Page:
The facts relating to question no.2 are that Assessing Officer disallowed Rs. 62,291/- was guest house expenses. This disallowance was made out of guest house expenses, depreciation and repair and maintenance of the guest house. On appeal, learned Commissioner of Income Tax (Appeal) confirmed the disallowance. This was done by him following the order of his predecessor for the assessment year 1985-86.  The assessee then brought the issue in appeal before the Appellate Tribunal and submitted that the Tribunal has consistently held that expenditure on account of providing food etc. to the employees may be disallowed at 30% of the claim. In support of above, Tribunal's order in ITA No. 6047/Del/88 and C.O. No. 288/Del/89 dated 18.2.1991 read with M.A. No. 97/Del/91 dated 6.11.1991 were cited. The Appellate Tribunal following earlier orders cited before it, held that 30% of the claim may be disallowed out of guest house expenses on providing food etc. to the employees of the company. The Tribunal directed accordingly.

The facts relating to question no.3 are that the assessee was allowed refund of Rs. 14,23,356/- under section 141A on 15.4.1987 while on regular assessment, huge amount of tax demand was created and nothing was refundable to the assessee. Initially the refund allowed was adjusted against demand for assessment year 1984-85 but due to appeal effect, substantial amount was refundable on which interest of Rs. 7,77,991/- was also allowed under section 244(1A) of the Act. The interest was also allowed on amount of Rs. 14,23,356/- for the period from 15.4.1987 to the date of actual refund. The Assessing Officer, therefore, held that the assessee is liable to pay interest under section 220 on the amount of refund which was not actually due to the assessee. He accordingly charged interest amount to Rs. 3,64,734/- for the period 15.4.1987 to 31.1.1989 at the rate of 15% per month. The assessee challenged the levy of above interest in appeal before the Commissioner of Income Tax (Appeals). The learned Commissioner of Income Tax (Appeals) for the reasons given in paragraphs 31 to 34 of his appellate order confirmed the order of the Assessing Officer. The assessee then brought the issue in appeal before the Appellate Tribunal. The Tribunal after considering the submissions of both the parties and relevant provisions of Sections 220(2) and 144A of the Act held that the assessee would be in default only after service of notice under section 156 and then only will be liable to pay interest under section 220(2) of the Act. The Tribunal further held that it was a fact that the assessee had paid excess prepaid taxes to the tune of Rs. 14,40,561 which was refundable to it after making of provisional assessment under section 141A of the Act. On completion of regular assessment, notice under Section 156 of the Act was served on the assessee on 18.2.1989 demanding tax along with interest at Rs. 51,01,368/-. The Assessing Officer would have been justified in charging interest under Section 220(2) of the Act if the assessee had defaulted in making the payment of above demand. However, there was no warrant for him to relate back the levy of interest under Section 220(2) of the Act from the date of refund issued as a result of provisional assessment under Section 141A of the Act. In above view of the matter, the Tribunal held that revenue authorities were not justified in charging interest under Section 220(2) of the Act. The same was cancelled.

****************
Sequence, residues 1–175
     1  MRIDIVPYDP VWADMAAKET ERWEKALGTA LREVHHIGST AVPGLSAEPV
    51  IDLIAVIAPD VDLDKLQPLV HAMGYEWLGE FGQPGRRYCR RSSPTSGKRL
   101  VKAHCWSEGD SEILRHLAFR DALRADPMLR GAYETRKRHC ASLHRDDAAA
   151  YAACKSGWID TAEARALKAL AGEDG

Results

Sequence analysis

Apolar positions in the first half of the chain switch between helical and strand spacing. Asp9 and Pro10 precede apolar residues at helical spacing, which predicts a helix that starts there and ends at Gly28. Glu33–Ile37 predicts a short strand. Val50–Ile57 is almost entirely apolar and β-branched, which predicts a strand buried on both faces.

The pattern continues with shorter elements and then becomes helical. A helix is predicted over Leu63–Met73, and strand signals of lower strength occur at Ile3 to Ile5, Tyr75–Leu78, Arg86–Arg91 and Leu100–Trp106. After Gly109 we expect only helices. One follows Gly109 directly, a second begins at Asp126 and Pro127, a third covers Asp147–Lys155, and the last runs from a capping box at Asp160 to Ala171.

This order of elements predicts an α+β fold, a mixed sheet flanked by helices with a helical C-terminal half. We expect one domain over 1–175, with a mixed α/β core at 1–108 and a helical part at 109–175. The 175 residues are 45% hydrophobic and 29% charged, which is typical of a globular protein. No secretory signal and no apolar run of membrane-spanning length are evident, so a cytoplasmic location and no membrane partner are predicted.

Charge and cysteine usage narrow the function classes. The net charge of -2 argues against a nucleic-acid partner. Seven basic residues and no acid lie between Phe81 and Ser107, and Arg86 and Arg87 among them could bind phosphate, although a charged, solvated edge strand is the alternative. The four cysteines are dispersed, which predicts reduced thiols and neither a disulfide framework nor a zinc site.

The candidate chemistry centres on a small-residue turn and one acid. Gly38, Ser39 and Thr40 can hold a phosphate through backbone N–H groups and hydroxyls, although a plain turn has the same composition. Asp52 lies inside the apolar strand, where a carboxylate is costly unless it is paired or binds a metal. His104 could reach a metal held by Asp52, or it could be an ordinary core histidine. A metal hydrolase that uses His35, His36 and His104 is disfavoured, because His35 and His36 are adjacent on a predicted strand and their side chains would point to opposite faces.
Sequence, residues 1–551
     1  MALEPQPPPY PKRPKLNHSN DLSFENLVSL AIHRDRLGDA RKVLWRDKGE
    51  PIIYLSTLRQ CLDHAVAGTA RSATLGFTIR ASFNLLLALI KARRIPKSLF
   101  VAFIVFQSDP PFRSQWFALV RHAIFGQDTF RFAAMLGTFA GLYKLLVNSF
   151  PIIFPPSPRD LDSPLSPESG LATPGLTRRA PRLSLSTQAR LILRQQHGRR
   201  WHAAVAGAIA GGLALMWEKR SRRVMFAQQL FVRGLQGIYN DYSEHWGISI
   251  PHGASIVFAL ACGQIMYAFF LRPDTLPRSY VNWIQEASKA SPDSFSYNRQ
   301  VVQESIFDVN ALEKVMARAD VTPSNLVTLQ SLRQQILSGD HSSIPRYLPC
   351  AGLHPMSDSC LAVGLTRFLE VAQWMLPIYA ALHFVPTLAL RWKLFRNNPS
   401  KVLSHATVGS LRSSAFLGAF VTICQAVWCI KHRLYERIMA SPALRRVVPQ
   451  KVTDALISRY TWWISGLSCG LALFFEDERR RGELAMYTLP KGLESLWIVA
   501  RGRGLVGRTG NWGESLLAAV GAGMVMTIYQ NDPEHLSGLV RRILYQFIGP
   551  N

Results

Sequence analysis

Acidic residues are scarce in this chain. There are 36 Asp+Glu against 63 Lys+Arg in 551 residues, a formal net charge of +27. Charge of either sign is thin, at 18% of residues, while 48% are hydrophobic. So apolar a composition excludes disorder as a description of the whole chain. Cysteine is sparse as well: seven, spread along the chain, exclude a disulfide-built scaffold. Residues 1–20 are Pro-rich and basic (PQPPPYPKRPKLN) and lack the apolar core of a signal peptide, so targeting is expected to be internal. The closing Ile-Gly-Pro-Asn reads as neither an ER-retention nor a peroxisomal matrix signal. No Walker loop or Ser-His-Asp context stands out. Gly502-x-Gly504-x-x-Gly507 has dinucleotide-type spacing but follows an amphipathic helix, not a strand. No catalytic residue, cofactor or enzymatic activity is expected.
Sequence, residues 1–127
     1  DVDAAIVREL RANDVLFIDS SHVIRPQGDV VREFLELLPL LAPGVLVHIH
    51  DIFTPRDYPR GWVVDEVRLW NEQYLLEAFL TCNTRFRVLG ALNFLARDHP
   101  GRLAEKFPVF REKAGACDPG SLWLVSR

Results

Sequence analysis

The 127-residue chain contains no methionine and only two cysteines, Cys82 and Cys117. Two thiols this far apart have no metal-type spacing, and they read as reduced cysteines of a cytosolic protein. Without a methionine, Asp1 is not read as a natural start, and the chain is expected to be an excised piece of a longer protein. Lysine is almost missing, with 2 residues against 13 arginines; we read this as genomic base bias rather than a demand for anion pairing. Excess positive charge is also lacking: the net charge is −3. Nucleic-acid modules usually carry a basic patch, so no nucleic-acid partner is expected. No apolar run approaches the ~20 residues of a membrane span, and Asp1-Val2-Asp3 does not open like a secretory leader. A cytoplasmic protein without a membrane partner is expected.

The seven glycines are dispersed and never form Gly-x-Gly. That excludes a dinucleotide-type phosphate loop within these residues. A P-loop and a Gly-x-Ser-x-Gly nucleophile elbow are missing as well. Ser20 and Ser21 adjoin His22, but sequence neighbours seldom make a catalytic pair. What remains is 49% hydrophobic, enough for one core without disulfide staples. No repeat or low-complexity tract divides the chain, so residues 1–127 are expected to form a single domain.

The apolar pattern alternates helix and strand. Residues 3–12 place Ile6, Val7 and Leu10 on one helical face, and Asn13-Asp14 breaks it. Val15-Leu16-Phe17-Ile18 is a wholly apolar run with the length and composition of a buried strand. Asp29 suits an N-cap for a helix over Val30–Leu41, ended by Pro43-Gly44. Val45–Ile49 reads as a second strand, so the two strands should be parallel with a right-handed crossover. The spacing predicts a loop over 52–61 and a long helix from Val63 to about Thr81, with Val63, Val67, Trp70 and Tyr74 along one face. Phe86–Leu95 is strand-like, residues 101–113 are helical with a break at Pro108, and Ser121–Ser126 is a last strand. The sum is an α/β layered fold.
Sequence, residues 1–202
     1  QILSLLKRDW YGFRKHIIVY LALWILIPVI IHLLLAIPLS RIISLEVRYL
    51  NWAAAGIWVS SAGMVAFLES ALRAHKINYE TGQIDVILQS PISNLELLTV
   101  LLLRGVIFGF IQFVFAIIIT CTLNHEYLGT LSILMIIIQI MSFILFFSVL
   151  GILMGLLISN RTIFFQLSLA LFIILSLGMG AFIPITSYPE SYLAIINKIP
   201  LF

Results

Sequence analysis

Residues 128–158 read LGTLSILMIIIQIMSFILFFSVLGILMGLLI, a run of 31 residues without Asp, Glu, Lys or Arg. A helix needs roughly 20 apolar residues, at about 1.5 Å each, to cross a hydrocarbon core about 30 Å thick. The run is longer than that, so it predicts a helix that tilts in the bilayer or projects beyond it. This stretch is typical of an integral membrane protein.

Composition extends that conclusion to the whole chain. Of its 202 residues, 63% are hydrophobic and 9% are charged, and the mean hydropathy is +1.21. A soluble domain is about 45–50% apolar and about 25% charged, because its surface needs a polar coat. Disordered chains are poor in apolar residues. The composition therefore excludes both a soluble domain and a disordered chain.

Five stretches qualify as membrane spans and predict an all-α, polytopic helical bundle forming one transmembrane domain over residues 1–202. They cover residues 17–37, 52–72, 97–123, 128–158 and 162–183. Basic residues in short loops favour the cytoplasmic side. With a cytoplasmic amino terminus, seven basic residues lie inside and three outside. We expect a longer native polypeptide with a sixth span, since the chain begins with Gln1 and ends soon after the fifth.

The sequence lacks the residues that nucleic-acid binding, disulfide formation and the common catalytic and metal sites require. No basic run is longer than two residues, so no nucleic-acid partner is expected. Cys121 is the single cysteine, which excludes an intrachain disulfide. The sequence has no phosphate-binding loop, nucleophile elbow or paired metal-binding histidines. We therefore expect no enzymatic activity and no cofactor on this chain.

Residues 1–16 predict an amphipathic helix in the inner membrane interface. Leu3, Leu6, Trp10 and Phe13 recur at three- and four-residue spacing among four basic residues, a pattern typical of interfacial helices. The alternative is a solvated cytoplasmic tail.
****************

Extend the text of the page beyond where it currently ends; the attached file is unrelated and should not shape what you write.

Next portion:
We have heard Sri A.N.Mahajan, learned standing counsel appearing for the Revenue and Sri S.D. Singh, learned counsel appearing for the respondent assessee.